Russell T. McCutcheon
University of Alabama

Anyone familiar with our Department at the University of Alabama may know that we have a pretty active social media presence, among which is a Facebook group devoted to our current students and graduates of our program. Apart from putting a variety of Department announcements there, such as recent posts from our blog (on everything from student writing to updates on how we’re handling the Fall 2020 semester), I occasionally put a news item there, with #inthenews as the tag, to suggest to our students that there’s considerable application of the skills that they’re learning in our classes—such as understanding groups via the way that their members classify, rank, and thereby organize themselves. That the grads who stay current with the group sometimes offer guest blog posts of their own, illustrating this very point—despite each of them working in pretty diverse careers today—confirms for me that opting for such a focus in a Department of Religious Studies was a wise choice.

Just the other morning, for example, I posted an item from that day’s New York Times concerning a just-released U.S. Supreme Court decision that will allow employers to opt out of what had previously been Federally-mandated health insurance requirements—opting out based on religious grounds. As the article’s opening lines phrased it:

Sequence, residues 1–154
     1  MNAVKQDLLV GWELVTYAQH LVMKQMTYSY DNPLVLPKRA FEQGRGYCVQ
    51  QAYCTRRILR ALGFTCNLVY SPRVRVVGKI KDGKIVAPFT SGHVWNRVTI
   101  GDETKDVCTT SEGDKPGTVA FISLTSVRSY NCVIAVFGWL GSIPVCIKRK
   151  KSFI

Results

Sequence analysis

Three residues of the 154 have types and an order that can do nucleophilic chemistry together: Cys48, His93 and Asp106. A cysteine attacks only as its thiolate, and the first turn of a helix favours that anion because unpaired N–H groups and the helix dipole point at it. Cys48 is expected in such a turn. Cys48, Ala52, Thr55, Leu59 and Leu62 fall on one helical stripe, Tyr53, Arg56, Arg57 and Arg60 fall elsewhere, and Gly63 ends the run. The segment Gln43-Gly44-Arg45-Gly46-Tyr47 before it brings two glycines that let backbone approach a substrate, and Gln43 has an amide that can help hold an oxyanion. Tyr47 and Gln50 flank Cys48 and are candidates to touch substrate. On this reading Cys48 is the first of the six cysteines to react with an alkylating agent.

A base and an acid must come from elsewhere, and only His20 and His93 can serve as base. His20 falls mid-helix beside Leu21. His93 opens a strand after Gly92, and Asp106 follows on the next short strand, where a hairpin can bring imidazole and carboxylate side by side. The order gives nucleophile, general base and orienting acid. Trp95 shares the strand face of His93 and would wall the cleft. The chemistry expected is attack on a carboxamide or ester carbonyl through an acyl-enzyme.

The Supreme Court on Wednesday upheld a Trump administration regulation that lets employers with religious or moral objections limit women’s access to birth control coverage under the Affordable Care Act. As a consequence of the ruling, about 70,000 to 126,000 women could lose contraceptive coverage from their employers, according to government estimates.

As for the text that I wrote to accompany the post?

Need another reason why it’s a good idea to have someone studying the practical effects of classifying some things, claims, or people as religious?